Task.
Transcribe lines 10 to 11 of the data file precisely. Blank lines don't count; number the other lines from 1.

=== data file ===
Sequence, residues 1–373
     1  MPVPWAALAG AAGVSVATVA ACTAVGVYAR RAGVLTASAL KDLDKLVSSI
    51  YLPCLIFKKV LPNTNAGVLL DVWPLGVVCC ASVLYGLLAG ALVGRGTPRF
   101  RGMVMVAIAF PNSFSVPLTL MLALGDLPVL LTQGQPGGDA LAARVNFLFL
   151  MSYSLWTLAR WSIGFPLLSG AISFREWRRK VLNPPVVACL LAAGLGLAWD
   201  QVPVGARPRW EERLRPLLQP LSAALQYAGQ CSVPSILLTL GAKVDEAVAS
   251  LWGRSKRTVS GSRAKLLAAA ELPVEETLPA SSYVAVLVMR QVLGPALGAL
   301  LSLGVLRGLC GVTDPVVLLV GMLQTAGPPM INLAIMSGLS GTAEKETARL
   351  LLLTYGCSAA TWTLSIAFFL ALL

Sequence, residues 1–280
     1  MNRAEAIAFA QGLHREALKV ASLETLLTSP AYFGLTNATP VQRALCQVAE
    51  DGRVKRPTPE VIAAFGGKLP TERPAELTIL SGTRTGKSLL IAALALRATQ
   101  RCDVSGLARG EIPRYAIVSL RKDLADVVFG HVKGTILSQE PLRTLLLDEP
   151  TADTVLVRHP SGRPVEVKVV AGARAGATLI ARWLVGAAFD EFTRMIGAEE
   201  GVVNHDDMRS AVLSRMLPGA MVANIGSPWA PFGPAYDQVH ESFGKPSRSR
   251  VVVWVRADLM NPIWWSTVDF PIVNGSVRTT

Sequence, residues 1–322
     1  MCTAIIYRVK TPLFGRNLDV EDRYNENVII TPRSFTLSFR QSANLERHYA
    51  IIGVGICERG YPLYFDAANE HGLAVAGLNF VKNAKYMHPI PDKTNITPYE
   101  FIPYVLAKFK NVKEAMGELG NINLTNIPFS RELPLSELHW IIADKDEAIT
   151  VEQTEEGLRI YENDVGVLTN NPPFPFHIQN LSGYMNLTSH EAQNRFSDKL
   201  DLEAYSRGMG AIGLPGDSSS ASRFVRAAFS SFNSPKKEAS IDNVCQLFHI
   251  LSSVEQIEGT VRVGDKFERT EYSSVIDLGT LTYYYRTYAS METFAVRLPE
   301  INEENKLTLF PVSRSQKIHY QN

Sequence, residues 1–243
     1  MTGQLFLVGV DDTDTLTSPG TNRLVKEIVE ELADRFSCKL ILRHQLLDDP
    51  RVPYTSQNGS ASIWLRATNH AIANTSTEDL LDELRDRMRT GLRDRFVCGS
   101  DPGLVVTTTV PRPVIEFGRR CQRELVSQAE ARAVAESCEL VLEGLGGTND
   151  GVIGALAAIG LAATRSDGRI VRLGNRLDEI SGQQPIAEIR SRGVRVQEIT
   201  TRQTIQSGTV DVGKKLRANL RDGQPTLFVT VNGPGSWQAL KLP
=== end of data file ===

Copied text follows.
Sequence, residues 1–280
     1  MNRAEAIAFA QGLHREALKV ASLETLLTSP AYFGLTNATP VQRALCQVAE